Trotting into Black Friday


by Lindsay Nelson

It’s Thanksgiving Day in Durango, and from Bayfield to Breen, turkeys are slowly roasting in their pans, cranberry sauce is congealing, and many have found an excuse to open their first beer just a little bit before noon. And why not? It’s a day to celebrate those things we love and appreciate the most, such as drinking, watching football and making our womenfolk work in the kitchen.

By the time many of you read this, the athletic and healthy types (who probably won’t be having turduckens on their holiday table) will have already been up at Fort Lewis College, trotting their skinny heinies around the Rim. It’s time again for the annual Thanksgiving Day Turkey Trot, brought to you by Durango Motorless Transit, which is a truly ingenious name for a running club. The action begins at 10 a.m. for the 5-mile race, and 11 a.m. begins the 1-mile fun run/walk. What better way to work up your calorie deficit before shoving all that food down your gizzard? Don’t forget to register prior to start-time at the Education/Business building at FLC.

OK, the rest of us can stop pretending we’re even going to move for the rest of the day (unless we’re womenfolk and have to wash dishes and pick up beer cans all night). But the day after Thanksgiving is a big day for consuming nonedible goods, as evidenced by the loving moniker it was given by retailers: Black Friday. Believe it or not, Black Friday does not mean a day that is depressing and bleak; no, the black comes in the form of ink on the ledger, as in “we made a crapload of money on Friday.” Well, some people don’t want that to happen. Those people have created a counter movement called Buy Nothing Day, which conveniently falls on the same Friday after Thanksgiving. So the choice is yours, potential consumer person: You can conform in the conventional way by hitting all the sales and getting an early start on Christmas shopping, or you can be an alterna-conformer and join the Culture Jammers Network in proudly not buying stuff. Or you could just be poor and not have to worry about choosing at all.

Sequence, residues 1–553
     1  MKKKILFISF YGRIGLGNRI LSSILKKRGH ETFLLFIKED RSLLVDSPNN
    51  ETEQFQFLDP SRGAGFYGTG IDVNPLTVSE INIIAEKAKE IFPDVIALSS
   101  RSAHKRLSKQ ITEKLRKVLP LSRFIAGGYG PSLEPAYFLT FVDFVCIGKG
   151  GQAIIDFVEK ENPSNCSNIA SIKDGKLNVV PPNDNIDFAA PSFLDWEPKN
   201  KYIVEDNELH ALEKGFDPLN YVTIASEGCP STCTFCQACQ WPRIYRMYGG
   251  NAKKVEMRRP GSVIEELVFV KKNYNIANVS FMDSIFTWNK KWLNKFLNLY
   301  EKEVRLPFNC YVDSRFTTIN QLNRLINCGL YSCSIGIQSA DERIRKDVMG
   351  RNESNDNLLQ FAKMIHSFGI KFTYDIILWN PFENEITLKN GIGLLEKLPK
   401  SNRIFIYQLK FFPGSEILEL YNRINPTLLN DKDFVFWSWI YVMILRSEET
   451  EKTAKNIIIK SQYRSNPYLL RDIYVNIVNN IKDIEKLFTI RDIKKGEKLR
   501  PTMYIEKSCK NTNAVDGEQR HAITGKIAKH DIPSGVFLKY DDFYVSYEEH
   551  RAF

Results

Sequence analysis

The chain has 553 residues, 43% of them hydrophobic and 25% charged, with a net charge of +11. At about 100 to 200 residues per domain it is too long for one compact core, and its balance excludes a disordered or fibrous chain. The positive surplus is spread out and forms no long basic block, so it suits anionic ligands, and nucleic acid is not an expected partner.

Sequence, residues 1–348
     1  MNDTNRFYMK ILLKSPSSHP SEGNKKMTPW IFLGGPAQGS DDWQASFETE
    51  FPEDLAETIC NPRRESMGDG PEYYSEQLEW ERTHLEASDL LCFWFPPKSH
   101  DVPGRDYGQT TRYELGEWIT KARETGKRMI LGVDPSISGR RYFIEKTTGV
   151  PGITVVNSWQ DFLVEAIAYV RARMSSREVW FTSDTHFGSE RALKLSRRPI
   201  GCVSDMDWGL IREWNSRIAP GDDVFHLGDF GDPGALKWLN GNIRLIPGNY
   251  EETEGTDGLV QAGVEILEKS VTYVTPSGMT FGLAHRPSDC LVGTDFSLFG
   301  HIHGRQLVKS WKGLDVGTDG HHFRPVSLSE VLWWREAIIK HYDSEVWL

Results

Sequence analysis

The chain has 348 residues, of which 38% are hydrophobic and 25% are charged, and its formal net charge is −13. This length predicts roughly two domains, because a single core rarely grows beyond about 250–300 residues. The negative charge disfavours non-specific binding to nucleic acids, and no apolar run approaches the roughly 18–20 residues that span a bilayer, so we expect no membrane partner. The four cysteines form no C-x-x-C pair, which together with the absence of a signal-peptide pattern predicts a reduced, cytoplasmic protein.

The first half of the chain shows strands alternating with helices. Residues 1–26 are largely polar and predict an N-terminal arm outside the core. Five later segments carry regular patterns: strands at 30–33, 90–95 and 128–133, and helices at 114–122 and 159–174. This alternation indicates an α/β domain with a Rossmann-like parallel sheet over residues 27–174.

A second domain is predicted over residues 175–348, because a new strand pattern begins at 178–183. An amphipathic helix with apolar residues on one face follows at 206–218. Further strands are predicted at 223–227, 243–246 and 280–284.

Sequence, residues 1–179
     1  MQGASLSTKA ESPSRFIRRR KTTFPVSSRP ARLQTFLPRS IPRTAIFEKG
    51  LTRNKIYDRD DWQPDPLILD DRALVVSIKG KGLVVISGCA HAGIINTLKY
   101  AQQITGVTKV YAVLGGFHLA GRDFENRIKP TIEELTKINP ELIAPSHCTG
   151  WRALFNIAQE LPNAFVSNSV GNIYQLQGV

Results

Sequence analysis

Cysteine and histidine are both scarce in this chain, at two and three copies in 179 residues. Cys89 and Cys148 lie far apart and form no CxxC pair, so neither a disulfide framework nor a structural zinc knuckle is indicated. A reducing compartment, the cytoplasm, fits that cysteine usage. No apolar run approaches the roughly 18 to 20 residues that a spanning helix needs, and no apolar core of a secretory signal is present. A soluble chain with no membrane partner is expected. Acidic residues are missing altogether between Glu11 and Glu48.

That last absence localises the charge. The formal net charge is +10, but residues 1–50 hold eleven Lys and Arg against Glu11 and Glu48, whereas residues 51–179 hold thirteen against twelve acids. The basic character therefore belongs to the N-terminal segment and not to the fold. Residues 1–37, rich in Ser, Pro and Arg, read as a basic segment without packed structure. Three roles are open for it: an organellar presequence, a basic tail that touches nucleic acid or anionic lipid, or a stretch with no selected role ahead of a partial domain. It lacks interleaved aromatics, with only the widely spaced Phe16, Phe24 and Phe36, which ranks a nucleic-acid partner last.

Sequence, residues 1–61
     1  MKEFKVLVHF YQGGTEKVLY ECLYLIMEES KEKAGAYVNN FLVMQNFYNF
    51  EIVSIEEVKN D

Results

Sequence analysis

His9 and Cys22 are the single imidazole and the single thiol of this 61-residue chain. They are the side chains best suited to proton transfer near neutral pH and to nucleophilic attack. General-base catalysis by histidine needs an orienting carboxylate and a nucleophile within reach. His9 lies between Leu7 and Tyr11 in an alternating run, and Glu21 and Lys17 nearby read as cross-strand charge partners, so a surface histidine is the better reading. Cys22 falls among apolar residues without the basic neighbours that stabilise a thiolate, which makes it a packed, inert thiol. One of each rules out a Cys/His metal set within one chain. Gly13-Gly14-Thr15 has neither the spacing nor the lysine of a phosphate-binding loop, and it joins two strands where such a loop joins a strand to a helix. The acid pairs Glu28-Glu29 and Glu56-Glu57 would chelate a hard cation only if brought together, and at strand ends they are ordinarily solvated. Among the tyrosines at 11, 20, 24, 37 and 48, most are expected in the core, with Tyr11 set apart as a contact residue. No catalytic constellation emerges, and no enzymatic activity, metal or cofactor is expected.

There are plenty of fun things one can do without spending money, you know. You can go to the library and read newspapers and magazines without getting dirty looks from salesclerks, surf the Internet and borrow books, CDs and even movies. There’s also all that open space around to do stuff in, like running your dogs at the dog park, hanging around in Jacob’s Cliffs (you better get some use out of it because that chunk of land cost you about 1.5 million bucks) and sleeping it off down by the river.

Downtown Durango is always eerily quiet on Thanksgiving Day, but not so the weekend after. For the next four days, you can save those dimes for a rainy day because the City of Durango is graciously making all meter parking free from now until Sunday. It’s the City’s way of saying “thanks for coming downtown, just don’t stop by City Hall because we are enjoying a bonus post-Thanksgiving holiday.” It seems a fair trade.

Staboola McPet Quintet

On the music scene, during this week when the college is closed and many people go traveling to places they don’t like very much, like Oklahoma, it’s often pretty slim pickings. But there are a couple of shows worth taking your belly out to see. This Saturday night is a show by the Staboola McPet Quintet, which, aside from being a really fun name to say, plays a tasty blend of jazz and world music styles. They play at the Summit around 9.